Six out of seven banks do not take a clear stand against controversial arms trade in their policies. Nordea is the only bank that lacks a policy in this area. The bank with the most comprehensive policy is SEB.

Four banks’ investments (Danske Bank, Länsförsäkringar, SEB and Skandia,) are considered not to follow their own policies according to our analysis. Still, all seven banks claim that their investments are in line with their own policies or the procedures to deal with deviances. Furthermore, a majority of the banks consider their investments to correspond with the expectations of their clients. None of the banks made a commitment to strengthen their policy on controversial arms trade, besides the regular updates of their policies.

THREE RECOMMENDATIONS TO THE BANKS

The results clearly demonstrate that controversial arms trade is an area where the banks have not done enough to ensure their investments are responsible and in line with relevant international principles. Based on the results of our analysis we make the following general recommendations to the banks:

1. Adopt and publish a policy against controversial arms trade that will provide guidance for all of the bank’s financial activities.

The policy should be comprehensive and apply groupwide to all financial services, credits and investments, including investments managed by third party and index funds. The policy should be publicly available on the bank’s webpage. The policy should ban investments in, and financing of, companies that deliver weapons or military goods to destinations considered as controversial, based on the Fair Finance Guide responsible investment principles listed in this report.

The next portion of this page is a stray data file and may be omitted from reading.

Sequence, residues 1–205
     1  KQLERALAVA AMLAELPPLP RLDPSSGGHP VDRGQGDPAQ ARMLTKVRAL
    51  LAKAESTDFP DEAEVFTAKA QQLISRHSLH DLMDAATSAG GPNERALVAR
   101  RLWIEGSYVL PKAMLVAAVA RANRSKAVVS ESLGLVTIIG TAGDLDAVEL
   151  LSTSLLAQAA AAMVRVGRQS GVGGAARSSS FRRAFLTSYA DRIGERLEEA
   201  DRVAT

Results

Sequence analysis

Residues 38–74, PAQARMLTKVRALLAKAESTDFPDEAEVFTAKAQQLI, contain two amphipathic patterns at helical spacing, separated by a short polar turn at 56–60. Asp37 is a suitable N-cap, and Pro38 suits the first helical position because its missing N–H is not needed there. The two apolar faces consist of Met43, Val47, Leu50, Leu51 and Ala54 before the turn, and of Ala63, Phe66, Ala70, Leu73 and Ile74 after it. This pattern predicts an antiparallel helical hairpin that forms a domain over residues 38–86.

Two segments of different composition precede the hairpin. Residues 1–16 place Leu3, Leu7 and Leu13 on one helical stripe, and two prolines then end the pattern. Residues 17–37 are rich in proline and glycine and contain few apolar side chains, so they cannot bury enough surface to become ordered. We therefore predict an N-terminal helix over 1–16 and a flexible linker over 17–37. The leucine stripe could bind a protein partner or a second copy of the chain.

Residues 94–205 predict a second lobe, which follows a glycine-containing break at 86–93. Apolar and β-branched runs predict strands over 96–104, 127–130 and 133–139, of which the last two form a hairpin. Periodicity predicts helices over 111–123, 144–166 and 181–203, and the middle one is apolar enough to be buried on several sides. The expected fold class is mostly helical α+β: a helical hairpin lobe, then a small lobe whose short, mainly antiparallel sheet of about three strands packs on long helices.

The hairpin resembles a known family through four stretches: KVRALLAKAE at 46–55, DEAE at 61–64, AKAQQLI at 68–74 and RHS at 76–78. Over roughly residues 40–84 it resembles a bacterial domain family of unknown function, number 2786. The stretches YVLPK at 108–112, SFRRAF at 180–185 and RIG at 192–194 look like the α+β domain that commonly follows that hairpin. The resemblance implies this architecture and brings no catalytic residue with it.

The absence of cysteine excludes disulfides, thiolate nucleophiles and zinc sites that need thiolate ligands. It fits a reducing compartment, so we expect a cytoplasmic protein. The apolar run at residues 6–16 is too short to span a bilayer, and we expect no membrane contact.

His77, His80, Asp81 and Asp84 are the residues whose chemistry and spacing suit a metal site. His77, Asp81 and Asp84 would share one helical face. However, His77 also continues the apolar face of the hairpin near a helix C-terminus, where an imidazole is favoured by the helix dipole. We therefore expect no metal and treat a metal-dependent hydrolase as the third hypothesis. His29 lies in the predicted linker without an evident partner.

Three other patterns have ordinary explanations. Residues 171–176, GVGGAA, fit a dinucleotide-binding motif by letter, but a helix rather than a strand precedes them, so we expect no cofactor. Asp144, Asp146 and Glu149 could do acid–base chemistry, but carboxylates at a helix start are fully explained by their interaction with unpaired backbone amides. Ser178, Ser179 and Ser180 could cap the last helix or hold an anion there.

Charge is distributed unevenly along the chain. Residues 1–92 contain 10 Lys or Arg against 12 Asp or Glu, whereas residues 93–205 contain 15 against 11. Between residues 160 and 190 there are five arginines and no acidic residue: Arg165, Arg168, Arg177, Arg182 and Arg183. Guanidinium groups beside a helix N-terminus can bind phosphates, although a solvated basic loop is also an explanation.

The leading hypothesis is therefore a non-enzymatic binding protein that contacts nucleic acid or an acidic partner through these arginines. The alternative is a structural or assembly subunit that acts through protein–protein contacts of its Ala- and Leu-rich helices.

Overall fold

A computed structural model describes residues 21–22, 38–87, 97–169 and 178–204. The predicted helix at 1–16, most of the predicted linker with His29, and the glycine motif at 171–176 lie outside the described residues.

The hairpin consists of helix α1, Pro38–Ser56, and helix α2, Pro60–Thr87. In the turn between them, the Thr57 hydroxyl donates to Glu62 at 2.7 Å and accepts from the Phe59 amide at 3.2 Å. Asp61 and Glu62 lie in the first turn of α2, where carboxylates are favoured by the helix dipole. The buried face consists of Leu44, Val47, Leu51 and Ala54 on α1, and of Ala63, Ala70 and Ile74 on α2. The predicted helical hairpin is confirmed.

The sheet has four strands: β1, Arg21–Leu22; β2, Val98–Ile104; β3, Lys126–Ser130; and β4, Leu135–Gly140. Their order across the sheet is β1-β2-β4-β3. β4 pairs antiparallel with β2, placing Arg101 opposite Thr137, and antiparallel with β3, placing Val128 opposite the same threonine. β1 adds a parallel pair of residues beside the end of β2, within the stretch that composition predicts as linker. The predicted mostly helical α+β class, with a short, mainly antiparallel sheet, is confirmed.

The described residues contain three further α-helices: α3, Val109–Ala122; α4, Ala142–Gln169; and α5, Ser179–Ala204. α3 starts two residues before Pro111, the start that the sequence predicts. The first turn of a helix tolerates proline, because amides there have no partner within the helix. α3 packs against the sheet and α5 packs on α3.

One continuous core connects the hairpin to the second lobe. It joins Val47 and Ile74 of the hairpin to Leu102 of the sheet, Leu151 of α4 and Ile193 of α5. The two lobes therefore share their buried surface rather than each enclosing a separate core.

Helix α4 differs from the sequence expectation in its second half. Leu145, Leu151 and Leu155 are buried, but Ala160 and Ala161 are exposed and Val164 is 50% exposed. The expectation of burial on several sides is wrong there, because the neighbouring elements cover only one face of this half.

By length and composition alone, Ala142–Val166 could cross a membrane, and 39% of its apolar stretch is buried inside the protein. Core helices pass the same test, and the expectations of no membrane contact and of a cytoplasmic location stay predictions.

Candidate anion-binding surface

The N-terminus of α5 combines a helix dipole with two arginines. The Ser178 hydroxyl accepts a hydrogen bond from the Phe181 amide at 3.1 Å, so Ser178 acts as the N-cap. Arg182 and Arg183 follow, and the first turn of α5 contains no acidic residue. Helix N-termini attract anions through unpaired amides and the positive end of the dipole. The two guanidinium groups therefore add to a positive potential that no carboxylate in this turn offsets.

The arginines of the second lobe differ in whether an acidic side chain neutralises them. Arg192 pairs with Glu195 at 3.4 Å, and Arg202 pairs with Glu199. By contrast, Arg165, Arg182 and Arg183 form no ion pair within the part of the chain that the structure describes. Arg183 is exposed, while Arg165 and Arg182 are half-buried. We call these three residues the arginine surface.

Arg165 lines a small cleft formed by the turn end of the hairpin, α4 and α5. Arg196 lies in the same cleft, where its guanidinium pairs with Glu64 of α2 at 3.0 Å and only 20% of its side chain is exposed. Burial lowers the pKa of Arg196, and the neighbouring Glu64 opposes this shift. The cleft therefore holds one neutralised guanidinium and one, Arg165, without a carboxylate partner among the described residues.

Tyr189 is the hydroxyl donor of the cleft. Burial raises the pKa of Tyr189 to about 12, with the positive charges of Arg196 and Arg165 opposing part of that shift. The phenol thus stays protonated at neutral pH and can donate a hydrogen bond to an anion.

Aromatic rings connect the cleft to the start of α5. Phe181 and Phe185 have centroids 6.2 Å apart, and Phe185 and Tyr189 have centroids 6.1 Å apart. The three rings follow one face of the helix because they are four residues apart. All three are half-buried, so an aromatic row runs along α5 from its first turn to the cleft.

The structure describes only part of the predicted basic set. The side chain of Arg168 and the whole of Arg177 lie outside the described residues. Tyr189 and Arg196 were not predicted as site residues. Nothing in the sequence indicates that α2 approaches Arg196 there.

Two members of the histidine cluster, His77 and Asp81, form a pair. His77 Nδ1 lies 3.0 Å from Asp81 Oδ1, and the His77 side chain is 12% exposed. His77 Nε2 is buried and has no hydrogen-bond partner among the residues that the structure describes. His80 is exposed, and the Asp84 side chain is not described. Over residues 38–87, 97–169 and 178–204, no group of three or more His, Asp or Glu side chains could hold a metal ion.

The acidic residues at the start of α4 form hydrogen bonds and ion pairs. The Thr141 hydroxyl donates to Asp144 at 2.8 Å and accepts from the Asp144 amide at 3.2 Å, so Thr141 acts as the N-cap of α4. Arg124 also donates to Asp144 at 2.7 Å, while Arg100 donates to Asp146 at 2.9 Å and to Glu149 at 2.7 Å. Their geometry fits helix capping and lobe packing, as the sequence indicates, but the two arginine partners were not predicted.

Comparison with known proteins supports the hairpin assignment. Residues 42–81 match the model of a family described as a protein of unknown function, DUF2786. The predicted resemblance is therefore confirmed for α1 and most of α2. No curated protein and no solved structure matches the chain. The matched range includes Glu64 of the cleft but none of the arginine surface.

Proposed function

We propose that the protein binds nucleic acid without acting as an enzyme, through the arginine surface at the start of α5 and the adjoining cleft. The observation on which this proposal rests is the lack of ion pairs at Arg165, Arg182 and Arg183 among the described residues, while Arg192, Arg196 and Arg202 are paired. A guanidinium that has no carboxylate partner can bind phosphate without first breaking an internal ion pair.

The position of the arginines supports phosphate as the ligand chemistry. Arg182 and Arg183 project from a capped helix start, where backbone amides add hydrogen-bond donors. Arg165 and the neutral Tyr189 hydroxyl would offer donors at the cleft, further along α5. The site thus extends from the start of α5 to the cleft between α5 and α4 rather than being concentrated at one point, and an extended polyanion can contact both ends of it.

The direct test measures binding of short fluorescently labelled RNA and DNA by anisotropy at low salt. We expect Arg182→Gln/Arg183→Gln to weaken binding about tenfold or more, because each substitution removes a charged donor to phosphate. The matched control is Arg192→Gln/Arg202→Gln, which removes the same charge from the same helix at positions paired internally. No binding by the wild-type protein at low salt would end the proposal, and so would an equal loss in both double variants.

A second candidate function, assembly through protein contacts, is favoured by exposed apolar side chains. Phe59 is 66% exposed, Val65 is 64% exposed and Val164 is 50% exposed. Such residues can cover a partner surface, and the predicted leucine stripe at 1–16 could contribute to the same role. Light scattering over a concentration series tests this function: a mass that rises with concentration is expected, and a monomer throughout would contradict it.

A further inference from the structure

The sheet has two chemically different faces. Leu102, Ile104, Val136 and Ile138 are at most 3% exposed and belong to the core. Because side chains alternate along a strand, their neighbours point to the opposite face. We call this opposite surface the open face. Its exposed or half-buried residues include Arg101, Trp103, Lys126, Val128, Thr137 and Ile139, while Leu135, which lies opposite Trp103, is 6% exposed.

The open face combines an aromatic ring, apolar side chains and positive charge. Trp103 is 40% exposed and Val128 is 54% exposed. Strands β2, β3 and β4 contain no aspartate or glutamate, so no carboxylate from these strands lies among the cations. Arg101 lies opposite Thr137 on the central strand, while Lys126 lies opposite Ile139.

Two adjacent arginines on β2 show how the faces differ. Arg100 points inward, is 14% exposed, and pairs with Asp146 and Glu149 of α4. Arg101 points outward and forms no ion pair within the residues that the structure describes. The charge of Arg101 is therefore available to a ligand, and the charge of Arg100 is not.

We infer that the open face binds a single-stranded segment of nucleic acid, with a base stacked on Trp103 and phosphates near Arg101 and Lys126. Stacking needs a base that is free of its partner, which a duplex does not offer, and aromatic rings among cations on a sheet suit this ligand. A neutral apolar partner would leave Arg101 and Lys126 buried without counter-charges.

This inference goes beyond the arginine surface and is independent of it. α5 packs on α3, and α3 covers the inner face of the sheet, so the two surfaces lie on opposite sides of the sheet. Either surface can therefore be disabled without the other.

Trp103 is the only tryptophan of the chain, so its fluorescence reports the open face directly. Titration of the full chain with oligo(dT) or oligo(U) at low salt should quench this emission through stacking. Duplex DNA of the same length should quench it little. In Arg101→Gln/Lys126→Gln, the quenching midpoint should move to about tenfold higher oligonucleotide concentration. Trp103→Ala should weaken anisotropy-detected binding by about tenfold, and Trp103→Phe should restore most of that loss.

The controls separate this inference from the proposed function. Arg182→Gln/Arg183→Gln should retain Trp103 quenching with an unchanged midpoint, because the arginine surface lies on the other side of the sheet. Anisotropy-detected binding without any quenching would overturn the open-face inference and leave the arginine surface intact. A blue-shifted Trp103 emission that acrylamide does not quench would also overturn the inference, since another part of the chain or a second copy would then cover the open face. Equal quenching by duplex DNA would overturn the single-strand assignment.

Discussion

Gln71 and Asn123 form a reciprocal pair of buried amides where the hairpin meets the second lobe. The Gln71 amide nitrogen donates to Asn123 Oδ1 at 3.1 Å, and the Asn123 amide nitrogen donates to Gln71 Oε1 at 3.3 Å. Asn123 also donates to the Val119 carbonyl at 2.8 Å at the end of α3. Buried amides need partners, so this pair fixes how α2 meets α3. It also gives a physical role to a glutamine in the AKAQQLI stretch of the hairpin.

2. Develop a method to identify to which countries arms trade would violate the principles in the policy, and create tools that can be used for the screening of companies.

It is not sufficient to rely on the assessments of export controlling authorities to judge whether arms trade is in line with the banks’ policies or not. The banks should make their own assessments to identify to which countries arms trade can be considered controversial, based on a comprehensive policy. The banks should screen all companies involved in arms trade before investment decisions are taken. The independent indices of the international institutions referenced in this case study can be used in the screening to assess the risk of company involvement in controversial arms trade. The screening will help to ensure decisions are in line with the banks’ policies.

3. Publish the list of companies that have been blacklisted by the bank due to their involvement in controversial arms trade

Transparency on company exclusion provides clarity about the implementation of the bank’s policy and enables clients to make well-informed decisions about their bank. It also puts pressure on other investors to act.

In the case where a bank has chosen engagement and active ownership to try to influence a company, the bank should provide a public explanation of why this strategy is considered to be successful and provide regular updates on the process. There should be a clear and limited time frame for bringing about changes that can be seen as improvements in line with the bank’s policies.